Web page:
Soyuz 6

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This article is about the 1969 mission. For the mission identified by NASA as ISS Soyuz 6, see Soyuz TMA-2.
Soyuz 6
Mission type Test flight
Mission duration 4 days, 22 hours, 42 minutes, 47 seconds
Orbits completed 80
Spacecraft properties
Spacecraft type Soyuz 7K-OK
Manufacturer OKB-1
Launch mass 6,577 kilograms (14,500 lb)
Crew
Crew size 2
Members Georgi Shonin
Valeri Kubasov
Callsign Антей (Antey - "Antaeus")
Start of mission
Launch date 11 October 1969, 11:10:00 (1969-10-11UTC11:10Z) UTC
Rocket Soyuz
Launch site Baikonur 31/6[1]
End of mission
Landing date 16 October 1969, 09:52:47 (1969-10-16UTC09:52:48Z) UTC
Orbital parameters
Reference system Geocentric
Regime Low Earth
Perigee 212 kilometers (132 mi)
Apogee 218 kilometers (135 mi)
Inclination 51.6 degrees
Period 88.8 minutes

Soyuz-6-patch.png


Soyuz programme
(Manned missions)
← Soyuz 5 Soyuz 7

Soyuz 6 (Russian: Союз 6, Union 6) was part of a joint mission with Soyuz 7 and Soyuz 8 that saw three Soyuz spacecraft in orbit together at the same time, carrying a total of seven cosmonauts. The crew of Georgi Shonin and Valeri Kubasov were meant to take high-quality movie photography of the Soyuz 7 and Soyuz 8 docking, but the rendezvous systems on all three spacecraft failed.

It is still not known exactly what the actual problem was, but it is often quoted as being a helium pressurization integrity test.[citation needed] The version of Soyuz 7K-OK spacecraft used for the missions carried a torus shaped docking electronics equipment housing surrounding the motor assembly on the back of the service module. This is thought to have been pressurised with helium to provide a benign environment for the electronics. It was then jettisoned after docking to lower the mass of the spacecraft for reentry. What went wrong with the electronics on all three spacecraft is still not known.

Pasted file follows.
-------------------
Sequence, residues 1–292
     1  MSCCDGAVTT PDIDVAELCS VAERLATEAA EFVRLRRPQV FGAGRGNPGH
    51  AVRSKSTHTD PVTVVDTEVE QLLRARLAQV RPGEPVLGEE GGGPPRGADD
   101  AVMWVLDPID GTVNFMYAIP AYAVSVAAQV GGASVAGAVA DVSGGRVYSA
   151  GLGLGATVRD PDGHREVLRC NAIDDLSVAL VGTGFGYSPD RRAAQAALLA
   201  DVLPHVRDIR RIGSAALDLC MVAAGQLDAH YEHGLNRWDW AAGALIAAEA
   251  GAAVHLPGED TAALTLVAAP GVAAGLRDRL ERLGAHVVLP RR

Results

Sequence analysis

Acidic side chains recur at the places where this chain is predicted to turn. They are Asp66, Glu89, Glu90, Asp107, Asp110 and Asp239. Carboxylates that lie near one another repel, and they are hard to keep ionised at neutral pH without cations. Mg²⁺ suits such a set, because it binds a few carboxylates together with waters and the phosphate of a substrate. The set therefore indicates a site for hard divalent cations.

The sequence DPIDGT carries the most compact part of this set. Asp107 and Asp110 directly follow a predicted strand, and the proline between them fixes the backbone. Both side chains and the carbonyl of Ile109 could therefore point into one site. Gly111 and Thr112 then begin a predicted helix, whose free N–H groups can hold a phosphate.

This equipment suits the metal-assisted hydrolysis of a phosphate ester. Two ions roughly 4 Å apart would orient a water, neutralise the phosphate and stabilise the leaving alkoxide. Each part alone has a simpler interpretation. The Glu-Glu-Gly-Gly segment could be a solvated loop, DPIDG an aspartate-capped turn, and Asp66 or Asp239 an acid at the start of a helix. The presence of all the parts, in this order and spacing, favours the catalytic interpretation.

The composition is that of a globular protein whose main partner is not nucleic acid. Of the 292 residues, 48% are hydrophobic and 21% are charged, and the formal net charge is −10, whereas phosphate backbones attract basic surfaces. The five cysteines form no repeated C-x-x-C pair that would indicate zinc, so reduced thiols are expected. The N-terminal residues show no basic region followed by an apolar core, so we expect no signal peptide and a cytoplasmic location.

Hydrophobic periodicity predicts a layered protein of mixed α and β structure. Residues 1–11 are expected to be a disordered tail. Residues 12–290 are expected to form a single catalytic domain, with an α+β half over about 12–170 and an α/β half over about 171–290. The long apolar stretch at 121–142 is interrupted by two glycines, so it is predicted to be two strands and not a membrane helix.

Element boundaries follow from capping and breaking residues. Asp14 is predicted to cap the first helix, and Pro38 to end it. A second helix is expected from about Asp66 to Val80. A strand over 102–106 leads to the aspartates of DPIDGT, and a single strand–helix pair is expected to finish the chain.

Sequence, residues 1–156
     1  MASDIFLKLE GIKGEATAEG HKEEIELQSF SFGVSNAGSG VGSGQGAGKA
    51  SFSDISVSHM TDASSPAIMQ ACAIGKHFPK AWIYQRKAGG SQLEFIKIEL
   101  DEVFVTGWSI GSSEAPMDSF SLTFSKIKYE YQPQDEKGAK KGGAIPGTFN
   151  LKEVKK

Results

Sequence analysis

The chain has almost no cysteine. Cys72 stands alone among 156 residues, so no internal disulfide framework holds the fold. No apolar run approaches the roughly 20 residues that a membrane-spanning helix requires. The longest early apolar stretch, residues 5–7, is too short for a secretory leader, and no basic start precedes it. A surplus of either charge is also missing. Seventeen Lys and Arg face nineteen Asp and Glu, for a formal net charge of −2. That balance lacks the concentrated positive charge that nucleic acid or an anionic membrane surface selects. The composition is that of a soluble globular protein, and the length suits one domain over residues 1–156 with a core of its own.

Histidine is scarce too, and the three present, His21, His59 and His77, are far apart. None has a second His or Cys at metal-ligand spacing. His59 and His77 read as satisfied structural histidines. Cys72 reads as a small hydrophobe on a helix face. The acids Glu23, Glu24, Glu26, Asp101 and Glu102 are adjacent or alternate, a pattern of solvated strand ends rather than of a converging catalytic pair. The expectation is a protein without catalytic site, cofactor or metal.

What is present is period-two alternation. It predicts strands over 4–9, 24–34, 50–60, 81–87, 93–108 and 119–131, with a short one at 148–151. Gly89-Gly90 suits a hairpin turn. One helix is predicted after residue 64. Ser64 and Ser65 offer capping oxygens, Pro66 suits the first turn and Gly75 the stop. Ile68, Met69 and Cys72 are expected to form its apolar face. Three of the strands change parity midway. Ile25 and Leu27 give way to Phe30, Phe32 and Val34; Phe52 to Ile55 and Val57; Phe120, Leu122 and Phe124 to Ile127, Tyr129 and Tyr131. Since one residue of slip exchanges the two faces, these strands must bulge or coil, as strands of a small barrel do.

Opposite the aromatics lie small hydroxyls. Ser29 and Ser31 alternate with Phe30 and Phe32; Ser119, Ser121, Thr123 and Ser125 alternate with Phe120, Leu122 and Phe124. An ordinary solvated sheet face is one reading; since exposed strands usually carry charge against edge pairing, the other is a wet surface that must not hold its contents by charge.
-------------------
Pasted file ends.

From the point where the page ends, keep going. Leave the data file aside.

The crew was made up of Georgi Shonin and Valeri Kubasov, who carried out important experiments in space welding. They tested three methods: using an electron beam, a low pressure plasma arc and a consumable electrode. The apparatus was designed at the E. O. Paton Electric Welding Institute, Kiev, Ukraine. The weld quality was said to be in no way inferior to that of Earth based welds.[citation needed]

After 80 orbits of the Earth they landed on 16 October 1969, 180 km (110 mi) northwest of Karaganda, Kazakhstan.

The radio call sign of the spacecraft was Antey, referring to the Greek hero Antaeus, but more important, at the time of the flight, however, it was also the name of the largest practicable aircraft, the Soviet Antonov 22, made in Ukraine. But unlike the call signs of Soyuz 7 and Soyuz 8, this was not the name of a squadron in Soviet military training, of uncertain role, for the one that begins with the letter 'a' is Aktif, meaning Active.

Crew[edit]

Position Cosmonaut
Commander Georgi Shonin
First spaceflight
Flight Engineer Valeri Kubasov
First spaceflight

Backup crew[edit]

Position Cosmonaut
Commander Vladimir Shatalov
Flight Engineer Aleksei Yeliseyev

Reserve crew[edit]

Position Cosmonaut
Commander Andriyan Nikolayev
Flight Engineer Georgi Grechko


References[edit]

  1. ^ "Baikonur LC31". Encyclopedia Astronautica. Retrieved 2009-03-04. 

External links[edit]